Greg Tufaro, Published 1:12 p.m. ET Jan. 18, 2018
Jim Fisher, whose teenage son, Sean, collapsed and died on a football field after going into sudden cardiac arrest, the result of an undetected heart defect, stood inside Saint Peter’s University Hospital’s state-of-the-art simulation center in New Brunswick.
An easel displaying four oversized color pictures of Sean, who died on his 13th birthday in August 2008, created a heart-touching backdrop as Fisher, a resident of Waldwick in Bergen County, spoke to members of the media about the Sean Fisher Memorial Foundation’s latest mission.
“He’s my inspiration,” Fisher said, glancing over his shoulder at the quadrant of photographs of his only child. “When I get discouraged, I just take a look at a picture of him and say, ‘Get back up there, you’ve got work to do.’ ”
A tough-as-nails union carpenter, Fisher, with tears welling in his eyes, explained that cardiac screenings — providing free ones was initially the primary goal of the foundation established in his son’s name — are not enough to prevent sudden cardiac death in athletes.
According to the American Heart Association, the incidence of such deaths is one in 200,000, but Dr. Nidhi Kumar, a cardiologist and Medical Director of Women’s Health at Saint Peter’s University Hospital, said many experts believe the incidence is greater, making the need for rapid response and the availability of automated external defibrillators paramount.
While state law requires all public and private K through 12 schools in New Jersey to have an AED within reasonable proximity of a gymnasium or athletic field, as well as an emergency action plan for sudden cardiac arrest, no such legislation exists for youth leagues.
Youth leagues are not mandated to have an AED on site and less than 30 percent of youth league coaches are trained in cardiopulmonary resuscitation (CPR), according to a Sports & Fitness Industry Association and Aspen Institute report, the results of which appeared in the Washington Post.
Fisher, in concert with the Players Development Academy, a nationally recognized elite soccer club headquartered in Somerset, is trying to change that statistic starting with a grassroots effort in the Saint Peter’s University Hospital’s simulation center, where more than 80 coaches from PDA will receive training in CPR and AED use before the start of the spring season.
The initiative is part of the All Heart program, whose goal is to educate coaches and leaders of youth sports leagues nationwide about the need to be trained to handle a sudden cardiac arrest emergency, which results from an electrical disturbance in the heart that compromises its ability to pump blood to vital organs. Without immediate treatment, through CPR and defibrillation, death ensues.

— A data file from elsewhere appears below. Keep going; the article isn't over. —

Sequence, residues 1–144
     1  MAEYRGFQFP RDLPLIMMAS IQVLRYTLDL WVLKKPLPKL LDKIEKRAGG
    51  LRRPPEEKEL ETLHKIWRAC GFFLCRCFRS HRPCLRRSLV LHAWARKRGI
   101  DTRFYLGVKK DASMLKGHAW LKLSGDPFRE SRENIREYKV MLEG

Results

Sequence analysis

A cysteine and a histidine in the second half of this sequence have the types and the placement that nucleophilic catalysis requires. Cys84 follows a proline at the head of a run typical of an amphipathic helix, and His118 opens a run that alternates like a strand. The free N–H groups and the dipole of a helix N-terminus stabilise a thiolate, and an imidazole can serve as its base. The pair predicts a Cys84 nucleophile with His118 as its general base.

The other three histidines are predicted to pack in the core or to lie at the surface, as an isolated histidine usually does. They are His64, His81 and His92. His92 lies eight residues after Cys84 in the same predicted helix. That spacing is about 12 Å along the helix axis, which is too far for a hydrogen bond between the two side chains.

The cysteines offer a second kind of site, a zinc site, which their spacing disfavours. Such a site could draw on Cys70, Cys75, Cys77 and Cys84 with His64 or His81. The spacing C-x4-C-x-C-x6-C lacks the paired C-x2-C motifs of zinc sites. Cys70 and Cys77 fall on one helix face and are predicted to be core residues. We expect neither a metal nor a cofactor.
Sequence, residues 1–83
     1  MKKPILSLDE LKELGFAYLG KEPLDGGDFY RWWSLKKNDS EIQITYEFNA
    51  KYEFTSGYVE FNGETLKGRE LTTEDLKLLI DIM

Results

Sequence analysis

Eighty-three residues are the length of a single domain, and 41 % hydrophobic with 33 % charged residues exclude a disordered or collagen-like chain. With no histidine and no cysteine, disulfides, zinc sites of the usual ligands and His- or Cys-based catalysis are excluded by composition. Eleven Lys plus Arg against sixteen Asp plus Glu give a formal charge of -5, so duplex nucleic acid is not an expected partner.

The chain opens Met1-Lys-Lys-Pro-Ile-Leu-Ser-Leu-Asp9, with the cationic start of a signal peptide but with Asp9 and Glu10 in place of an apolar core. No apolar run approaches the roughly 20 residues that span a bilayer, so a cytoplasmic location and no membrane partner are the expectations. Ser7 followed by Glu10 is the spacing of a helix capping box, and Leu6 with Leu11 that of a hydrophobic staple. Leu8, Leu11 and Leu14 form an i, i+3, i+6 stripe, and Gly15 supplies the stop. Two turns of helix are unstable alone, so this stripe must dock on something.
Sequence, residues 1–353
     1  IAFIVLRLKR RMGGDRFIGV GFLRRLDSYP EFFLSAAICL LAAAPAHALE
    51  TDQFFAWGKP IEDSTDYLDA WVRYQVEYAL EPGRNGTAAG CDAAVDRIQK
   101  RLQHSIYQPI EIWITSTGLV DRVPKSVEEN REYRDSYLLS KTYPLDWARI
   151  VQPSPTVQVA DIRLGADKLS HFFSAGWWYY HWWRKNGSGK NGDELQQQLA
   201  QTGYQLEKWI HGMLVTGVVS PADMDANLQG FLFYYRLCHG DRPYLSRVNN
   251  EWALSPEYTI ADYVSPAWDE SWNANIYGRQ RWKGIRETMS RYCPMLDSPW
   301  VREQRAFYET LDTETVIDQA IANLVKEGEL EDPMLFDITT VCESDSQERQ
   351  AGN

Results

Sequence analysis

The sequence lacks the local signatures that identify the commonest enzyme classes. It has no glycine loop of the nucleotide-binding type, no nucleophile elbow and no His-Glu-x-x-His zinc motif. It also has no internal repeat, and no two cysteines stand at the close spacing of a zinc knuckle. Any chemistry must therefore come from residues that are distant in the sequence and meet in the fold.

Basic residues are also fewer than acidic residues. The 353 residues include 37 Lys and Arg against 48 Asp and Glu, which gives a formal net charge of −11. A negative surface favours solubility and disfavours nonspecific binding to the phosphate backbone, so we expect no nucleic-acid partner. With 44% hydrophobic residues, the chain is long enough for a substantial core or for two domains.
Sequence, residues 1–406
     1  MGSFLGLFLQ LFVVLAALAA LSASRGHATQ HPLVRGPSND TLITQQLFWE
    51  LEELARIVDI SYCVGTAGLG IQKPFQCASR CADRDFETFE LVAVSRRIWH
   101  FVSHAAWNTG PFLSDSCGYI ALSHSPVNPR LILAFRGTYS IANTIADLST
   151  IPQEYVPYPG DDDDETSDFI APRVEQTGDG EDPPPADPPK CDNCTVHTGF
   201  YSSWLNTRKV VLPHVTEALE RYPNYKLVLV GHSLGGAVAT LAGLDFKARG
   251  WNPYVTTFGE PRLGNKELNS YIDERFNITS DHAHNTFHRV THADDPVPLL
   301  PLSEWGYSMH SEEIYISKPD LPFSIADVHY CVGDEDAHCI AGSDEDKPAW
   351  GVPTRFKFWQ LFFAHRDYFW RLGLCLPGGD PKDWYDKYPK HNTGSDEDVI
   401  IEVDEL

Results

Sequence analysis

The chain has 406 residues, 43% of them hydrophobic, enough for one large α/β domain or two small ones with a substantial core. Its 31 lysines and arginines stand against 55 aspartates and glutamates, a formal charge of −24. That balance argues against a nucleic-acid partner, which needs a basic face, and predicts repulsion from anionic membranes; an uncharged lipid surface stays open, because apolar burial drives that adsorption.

“We’re bringing the solution right to the field,” said Fisher, his previously somber voice now filled with enthusiasm, revitalized at the prospect of saving lives. “If coaches have the tools and know what to do, we can start CPR and work with the AED, and hopefully nine out of 10 times the kid will survive.”
The day he died
Sean Fisher, who was about to enter eighth grade, collapsed on the field while warming up with his Waldwick recreation football league teammates on Aug. 25, 2008. According to a report in the Star Ledger, a parent certified as an emergency medical technician who was nearby tended to Sean Fisher, pulling off his helmet to find him gasping for air. The EMT administered CPR. Waldwick police and paramedics arrived and used a defibrillator before taking Sean Fisher to Valley Hospital in Ridgewood, where the 13-year-old was pronounced dead.
“The reason we designed this program is we realized that if we really wanted to make a difference, we needed to change the model on how we responded to these emergencies,” Kumar said of the All Heart program. “This type of an emergency is an emergency where timing and every second counts. The risk of mortality from a sudden cardiac arrest increases 10 percent every minute without defibrillation, so the thought is that if we train coaches to be first responders, we can address the issue immediately where a coach is in a position to react, respond and save a life.”
In his dual role as Rutgers University’s women’s soccer coach and PDA’s director of girls coaching, Mike O’Neill, a lifelong friend of Fisher, served as the lynchpin between the Sean Fisher Memorial Foundation, PDA, Kumar and Saint Peter’s University Hospital, which previously worked with O’Neill’s players on other community initiatives.